Because of the various ranging side effects of dementia – which can be anything from forgetfulness and confusion to incontinence to mobility issues – people with dementia end up in hospital more often than the rest of the general population.
However, despite the frequency of admissions of people with dementia, these emergency rooms are not equipped to handle and manage people who may have dementia symptoms.
Most hospital emergency rooms are run as if every patient has perfect intellectual function – and yet this is something that many people living with dementia have some degree of impairment. That is why it is important to be able to support someone if they are admitted to hospital.
Symptoms, Diagnosis and Treatment in Hospitals
According to the Australian Institute of Health and Welfare, approximately 41% of all hospital admissions were for people over 65. Many of these people are elderly, frail and may have other medical conditions, as well dementia symptoms.
Many people who have dementia and are still living at home, end up going to hospital and never to return as they are put into respite or aged care. Dementia patients are twice as likely to suffer preventable complications such as pressure ulcers and pneumonia in hospital.
Pain management is also considerably different for people with dementia. Patients with dementia and a fractured hip tend not to be given as much pain relief as other patients with fractured hip.
Uncontrolled pain in dementia gives rise to delirium that is often undiagnosed and untreated in hospitals. As a result, half of these patients who develop delirium die in six months.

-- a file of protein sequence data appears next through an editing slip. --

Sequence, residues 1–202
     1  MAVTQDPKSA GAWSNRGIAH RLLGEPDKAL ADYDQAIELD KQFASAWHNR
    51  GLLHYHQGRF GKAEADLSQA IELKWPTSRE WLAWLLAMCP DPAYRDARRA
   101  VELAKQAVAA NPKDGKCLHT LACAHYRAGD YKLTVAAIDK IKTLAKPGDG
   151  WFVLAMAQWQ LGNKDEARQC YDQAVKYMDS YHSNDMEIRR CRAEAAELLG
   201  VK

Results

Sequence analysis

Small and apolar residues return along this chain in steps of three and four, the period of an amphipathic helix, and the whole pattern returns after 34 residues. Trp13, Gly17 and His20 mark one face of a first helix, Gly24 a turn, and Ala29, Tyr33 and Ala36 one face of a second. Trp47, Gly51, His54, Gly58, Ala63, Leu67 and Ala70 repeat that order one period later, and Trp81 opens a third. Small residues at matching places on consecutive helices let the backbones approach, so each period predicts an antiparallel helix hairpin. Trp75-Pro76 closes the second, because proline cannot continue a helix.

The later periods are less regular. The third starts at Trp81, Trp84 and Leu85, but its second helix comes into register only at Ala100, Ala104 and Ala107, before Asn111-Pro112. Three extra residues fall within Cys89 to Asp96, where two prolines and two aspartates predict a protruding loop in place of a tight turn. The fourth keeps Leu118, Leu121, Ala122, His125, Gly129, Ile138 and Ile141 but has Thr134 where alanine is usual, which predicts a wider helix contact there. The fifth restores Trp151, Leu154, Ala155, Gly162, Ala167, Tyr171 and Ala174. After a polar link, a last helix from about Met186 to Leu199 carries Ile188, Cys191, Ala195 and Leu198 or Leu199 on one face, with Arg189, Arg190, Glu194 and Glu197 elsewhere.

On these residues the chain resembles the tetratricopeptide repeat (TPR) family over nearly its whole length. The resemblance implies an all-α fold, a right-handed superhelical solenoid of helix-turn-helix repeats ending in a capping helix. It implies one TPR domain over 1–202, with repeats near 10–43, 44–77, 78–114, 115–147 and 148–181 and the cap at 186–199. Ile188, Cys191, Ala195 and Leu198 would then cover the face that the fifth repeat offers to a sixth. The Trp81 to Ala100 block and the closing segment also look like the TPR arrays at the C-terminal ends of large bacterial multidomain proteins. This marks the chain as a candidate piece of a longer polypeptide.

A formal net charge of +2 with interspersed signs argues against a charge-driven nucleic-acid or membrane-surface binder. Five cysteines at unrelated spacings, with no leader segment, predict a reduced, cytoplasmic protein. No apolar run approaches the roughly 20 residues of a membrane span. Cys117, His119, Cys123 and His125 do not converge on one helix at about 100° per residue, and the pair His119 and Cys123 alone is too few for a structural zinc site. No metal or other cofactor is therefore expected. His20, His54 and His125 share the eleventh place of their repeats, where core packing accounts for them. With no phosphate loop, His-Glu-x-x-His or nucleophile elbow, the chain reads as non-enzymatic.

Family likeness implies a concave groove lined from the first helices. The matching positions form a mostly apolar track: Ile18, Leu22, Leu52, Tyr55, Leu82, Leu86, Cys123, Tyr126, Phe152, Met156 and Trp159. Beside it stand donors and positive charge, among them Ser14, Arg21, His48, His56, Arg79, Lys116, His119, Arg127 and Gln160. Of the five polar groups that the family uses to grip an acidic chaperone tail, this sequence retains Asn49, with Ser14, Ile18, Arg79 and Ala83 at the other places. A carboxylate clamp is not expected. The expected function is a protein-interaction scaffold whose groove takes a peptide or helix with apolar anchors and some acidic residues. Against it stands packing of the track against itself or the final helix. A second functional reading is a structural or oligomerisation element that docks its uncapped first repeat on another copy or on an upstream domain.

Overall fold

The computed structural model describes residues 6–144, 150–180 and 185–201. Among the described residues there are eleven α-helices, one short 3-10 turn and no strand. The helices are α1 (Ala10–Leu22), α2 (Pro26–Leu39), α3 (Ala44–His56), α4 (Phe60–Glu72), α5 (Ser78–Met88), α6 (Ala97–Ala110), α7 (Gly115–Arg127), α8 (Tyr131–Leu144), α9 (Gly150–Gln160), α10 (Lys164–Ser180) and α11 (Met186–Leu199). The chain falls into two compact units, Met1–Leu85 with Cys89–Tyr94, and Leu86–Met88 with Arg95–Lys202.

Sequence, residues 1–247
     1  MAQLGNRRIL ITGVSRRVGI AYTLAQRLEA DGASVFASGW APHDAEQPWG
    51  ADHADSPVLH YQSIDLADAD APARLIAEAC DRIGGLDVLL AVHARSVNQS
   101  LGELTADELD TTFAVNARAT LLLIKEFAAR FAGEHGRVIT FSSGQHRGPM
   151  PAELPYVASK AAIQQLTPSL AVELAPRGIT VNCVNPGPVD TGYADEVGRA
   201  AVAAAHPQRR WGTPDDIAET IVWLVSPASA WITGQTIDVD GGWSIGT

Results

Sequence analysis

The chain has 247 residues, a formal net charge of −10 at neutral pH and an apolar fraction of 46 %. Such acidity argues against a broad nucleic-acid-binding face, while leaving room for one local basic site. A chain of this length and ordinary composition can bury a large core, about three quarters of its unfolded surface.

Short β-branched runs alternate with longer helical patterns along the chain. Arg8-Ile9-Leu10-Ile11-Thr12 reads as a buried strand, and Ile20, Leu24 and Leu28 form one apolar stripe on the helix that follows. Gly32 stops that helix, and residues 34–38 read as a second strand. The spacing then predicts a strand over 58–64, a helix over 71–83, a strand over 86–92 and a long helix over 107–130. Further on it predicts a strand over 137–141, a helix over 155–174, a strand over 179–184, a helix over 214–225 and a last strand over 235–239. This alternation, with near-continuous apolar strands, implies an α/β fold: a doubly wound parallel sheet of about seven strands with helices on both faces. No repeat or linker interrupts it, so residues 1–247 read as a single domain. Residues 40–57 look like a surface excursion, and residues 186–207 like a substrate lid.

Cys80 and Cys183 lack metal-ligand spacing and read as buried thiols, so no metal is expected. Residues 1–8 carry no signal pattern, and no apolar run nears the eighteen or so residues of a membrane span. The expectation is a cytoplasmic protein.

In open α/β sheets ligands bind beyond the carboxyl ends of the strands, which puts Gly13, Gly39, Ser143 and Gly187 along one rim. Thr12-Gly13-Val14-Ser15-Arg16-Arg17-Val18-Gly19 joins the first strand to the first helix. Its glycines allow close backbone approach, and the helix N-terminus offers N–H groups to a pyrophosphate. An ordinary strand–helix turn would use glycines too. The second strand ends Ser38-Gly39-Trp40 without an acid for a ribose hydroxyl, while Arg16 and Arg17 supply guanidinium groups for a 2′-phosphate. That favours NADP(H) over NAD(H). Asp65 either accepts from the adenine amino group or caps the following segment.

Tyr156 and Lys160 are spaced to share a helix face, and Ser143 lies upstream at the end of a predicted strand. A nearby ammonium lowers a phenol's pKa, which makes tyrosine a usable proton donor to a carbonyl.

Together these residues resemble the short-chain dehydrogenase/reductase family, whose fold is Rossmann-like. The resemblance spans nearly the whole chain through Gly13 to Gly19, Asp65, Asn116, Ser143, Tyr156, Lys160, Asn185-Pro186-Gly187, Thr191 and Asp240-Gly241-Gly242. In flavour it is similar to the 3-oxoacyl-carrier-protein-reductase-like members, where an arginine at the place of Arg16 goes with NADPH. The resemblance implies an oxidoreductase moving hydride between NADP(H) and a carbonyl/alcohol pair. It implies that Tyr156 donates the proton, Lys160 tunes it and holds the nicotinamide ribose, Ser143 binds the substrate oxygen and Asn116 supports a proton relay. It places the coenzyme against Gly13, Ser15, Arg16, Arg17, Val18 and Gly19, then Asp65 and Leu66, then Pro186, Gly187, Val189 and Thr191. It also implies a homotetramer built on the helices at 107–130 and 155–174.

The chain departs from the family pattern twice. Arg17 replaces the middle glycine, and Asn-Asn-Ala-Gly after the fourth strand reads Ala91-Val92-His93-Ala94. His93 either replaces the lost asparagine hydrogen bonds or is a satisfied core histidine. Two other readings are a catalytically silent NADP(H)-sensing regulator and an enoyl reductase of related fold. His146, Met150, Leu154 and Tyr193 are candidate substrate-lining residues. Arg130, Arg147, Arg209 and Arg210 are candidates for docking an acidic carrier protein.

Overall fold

Many patients with dementia may get missed by accident at mealtimes and have problems eating and drinking which are made worse in hospital.
Changes in the Hospital
One research suggests that if a person has dementia, then they will stay in hospital longer than another person with the same clinical condition. And it has been reported that it wasn’t until after a hospital admission that it was discovered the person was not coping well at home.
However, there may be reason to believe that the reverse might be true. Not that it was discovered that the person was struggling at home before the hospital stay – but that they developed these struggles from staying in the hospital.
A person who struggles to eat and drink in the hospital may have been eating fine at home. And the person who was able to bathe themselves and go to the toilet in the familiarity of their home, may find it difficult in hospital where the facilities are so unfamiliar.
Someone who was able to live comfortably and entertained at home and sleep well, may be kept awake by the noise and light and find themselves isolated and bored during the day. Hospital stays, and the disruptions to their comfortable routine, may trigger mood swings, sleep problems, and behavioural concerns.
And when this happens, the symptoms can often be confused with delirium – a reversible state of confusion caused by stress and infection – and patients may be prescribed anti-psychotic medication to calm and quieten them, starting a never ending cycle of medication.
These is a lot that families can do to support a loved one in hospital – especially if they have dementia.
Being there for them is important; to help them eat, to help them wash, keeping them company and making sure that they swallow their medication.
Families should work together with the hospital to offer their loved ones the best care. This, by no means, is a criticism of hospital care or the work of the staff, but rather a practical response. There is no-one that knows a person living with dementia better than their family, friends and loved ones – so it’s important to speak up and notify the healthcare teams of any changes observed.
Despite best intentions to support people with dementia remain healthy and free from sickness, sometimes a hospital visit cannot be avoided. And when it occurs, if families support the person in hospital, it helps the nurses, reduces delayed discharges and maintains the dignity of the patient.